Rebecca Wilder has joined the voices criticizing the so-called stimulus plan:
"But there is one thing that always bothered me about this plan: if the rise of domestic construction production was to blame for the loss of productivity in the first half of 2000, why are the longer-term spending initiatives centered on construction projects? The focus should be on expanding our most productive sectors – manufacturing and exports - to stimulate innovation and productivity."
She goes on:
And if long-term growth is the name of the game, why focus on inefficient domestic construction efforts?
So why are we building roads? The focus on construction and infrastructure as the primary long-term stimulus is highly inefficient.
Her post also refers us to an interview with Joseph Stiglitz from the International Herald Tribune:
Stiglitz, who was chairman of the Council of Economic Advisers from 1995 to 1997, noted in an interview that there has been a slow divergence between traditional economics and what may be called innovation economics.
"I've been a bit astonished that all the discussion around the private-sector stimulus has centered on infrastructure," he said. "Bailouts, too, are aimed at correcting mistakes of the past, so they are backward-looking. We would be much better off spending our money forward-looking. If we spend $700 billion on new technology and innovation, we'd have a stronger, new, real economy. Up to now, the discussion has focused on the sectors that have been mismanaged rather than the sectors that are creating our future."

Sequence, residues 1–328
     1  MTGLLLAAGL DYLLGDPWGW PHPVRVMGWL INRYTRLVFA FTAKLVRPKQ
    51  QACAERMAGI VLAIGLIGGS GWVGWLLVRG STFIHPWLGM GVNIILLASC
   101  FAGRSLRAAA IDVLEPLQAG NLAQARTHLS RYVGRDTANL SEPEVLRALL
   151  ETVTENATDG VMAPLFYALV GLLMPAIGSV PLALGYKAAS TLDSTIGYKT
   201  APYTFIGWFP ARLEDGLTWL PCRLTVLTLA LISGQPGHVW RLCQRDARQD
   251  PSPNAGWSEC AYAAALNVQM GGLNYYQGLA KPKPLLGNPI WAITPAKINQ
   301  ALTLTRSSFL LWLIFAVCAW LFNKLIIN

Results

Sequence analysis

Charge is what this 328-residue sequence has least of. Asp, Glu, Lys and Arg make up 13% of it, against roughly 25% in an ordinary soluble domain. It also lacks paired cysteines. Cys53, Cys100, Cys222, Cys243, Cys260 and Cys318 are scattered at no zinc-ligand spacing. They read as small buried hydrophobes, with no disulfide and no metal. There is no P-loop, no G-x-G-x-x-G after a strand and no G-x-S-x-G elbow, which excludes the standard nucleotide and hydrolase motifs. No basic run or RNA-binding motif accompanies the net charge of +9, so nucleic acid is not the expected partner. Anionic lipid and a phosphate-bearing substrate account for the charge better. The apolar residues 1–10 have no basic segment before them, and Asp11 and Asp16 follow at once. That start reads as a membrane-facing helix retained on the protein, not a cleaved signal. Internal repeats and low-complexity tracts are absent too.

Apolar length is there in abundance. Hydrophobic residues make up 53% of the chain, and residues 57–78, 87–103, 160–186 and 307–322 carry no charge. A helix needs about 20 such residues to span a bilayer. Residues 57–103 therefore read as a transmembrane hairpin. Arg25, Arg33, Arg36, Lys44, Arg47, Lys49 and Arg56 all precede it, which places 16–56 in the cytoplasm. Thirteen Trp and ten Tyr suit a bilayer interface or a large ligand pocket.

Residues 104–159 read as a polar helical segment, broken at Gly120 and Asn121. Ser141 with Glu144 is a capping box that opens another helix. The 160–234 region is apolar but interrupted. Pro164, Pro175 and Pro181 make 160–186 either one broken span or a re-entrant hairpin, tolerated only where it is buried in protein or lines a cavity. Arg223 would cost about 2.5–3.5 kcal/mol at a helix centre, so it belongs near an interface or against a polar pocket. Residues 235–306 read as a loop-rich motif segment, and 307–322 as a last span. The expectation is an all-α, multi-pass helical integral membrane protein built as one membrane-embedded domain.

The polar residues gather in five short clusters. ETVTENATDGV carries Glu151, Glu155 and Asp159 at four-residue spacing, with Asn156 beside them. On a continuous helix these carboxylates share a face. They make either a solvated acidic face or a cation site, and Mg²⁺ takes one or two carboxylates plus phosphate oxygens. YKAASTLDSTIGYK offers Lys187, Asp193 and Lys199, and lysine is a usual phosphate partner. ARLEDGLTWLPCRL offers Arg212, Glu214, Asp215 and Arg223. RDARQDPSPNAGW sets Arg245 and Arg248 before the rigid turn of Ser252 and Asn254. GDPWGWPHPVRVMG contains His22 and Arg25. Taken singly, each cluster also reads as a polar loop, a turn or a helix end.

Here's the truth the Obamacans don't want to face. Forget William Ayers.
Sen. Obama's political career was launched by the now-convicted criminal and constructor of disgustingly substandard housing for the poor, Antoin "Tony" Rezko. As soon as he got to the Senate, he became probably the largest recipient of Fannie/Freddie lobbying money. Under his leadership, Bill Clinton's bridge to the 21st Century should be taken literally: we are now building bridges, tearing up roads, building roads to nowhere, all to strengthen Sen. Obama's patrons in the building industry. What this program means is neglect of growth areas and international competitiveness. We can't do it all. If we must borrow (which I disagree with), at least let it be for cutting-edge 21st and even 22nd Century stuff, not stuff that Julius Caesar would have grokked.